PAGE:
Book Review: A Biblical-Theological Introduction To The New Testament -- By: Richard C. Gamble

Journal: Reformed Presbyterian Theological Journal
Volume: RPTJ 03:2 (Spring 2017)
Article: Book Review: A Biblical-Theological Introduction To The New Testament
Author: Richard C. Gamble

Book Review:
A Biblical-Theological Introduction To The New Testament1

Richard C. Gamble

Professor of Systematic Theology
Reformed Presbyterian Theological Seminary

Gone are the days when the British evangelical Donald Guthrie could write a comprehensive thousand page NT Introduction combined with a companion massive NT Theology. Current NT research requires specialization for scholars to be able to keep abreast of the mountain of literature published in their field. With the growing information comes the need for a revised NT Introduction that is faithful to God’s word and incorporates God honoring biblical-theological insights. It is into that gap that Michael Kruger (RTS Charlotte President and Professor of NT) has moved. From the deep teaching resources found at a multi-campus institution like Reformed Theological Seminary, Kruger was able to ask colleagues to contribute introductory material from their specialized fields. Thus, we have a multi-author text written by nine colleagues who have the same view of the inerrancy of God’s word as well as the biblical precision to write from a distinctly reformed perspective. The best approach to review such a text is not to give a mini-summary of its contents but simply to highlight a few of the issues addressed in some of the sections as well as several of the advances proposed by the authors. Analysis will begin at the gospels and move through the NT.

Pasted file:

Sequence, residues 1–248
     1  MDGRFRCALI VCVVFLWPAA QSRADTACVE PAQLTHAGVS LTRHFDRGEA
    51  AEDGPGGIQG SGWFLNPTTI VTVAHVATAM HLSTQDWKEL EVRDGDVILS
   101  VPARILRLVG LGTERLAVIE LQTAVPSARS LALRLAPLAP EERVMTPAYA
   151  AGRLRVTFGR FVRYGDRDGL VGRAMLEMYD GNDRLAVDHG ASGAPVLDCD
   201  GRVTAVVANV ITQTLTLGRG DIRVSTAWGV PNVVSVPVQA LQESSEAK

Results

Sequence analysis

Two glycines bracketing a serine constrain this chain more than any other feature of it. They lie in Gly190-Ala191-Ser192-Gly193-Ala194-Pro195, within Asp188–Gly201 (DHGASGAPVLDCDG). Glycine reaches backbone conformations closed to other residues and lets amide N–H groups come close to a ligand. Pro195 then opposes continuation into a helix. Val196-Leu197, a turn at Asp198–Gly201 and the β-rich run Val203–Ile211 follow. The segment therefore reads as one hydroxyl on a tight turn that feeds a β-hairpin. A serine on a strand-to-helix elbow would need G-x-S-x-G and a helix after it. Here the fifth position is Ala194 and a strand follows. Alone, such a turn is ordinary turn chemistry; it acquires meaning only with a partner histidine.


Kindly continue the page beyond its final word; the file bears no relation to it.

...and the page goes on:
The gospels, as a unique genre, will record Christ’s life and work in a fashion that will be different from anything that had been written before.2 Even though there are various gospels, since the whole Bible has one ultimate author, believing students can expect a similarity of message among the four.3 Concerning the first gospel, while the name Matthew appeared at his call (9:9), the gospel’s author did not identify himself as such.4 Some evangelicals are not certain

of the time of this gospel’s composition, but a good estimate is around 63–66.5 There is no scholarly consensus on Matthew’s structure.6 Matthew’s purpose (proving that Jesus was the messianic Son of God) was also manifested in his writing style.7

Benjamin Gladd rightfully approaches Mark by underlining the importance of ey...

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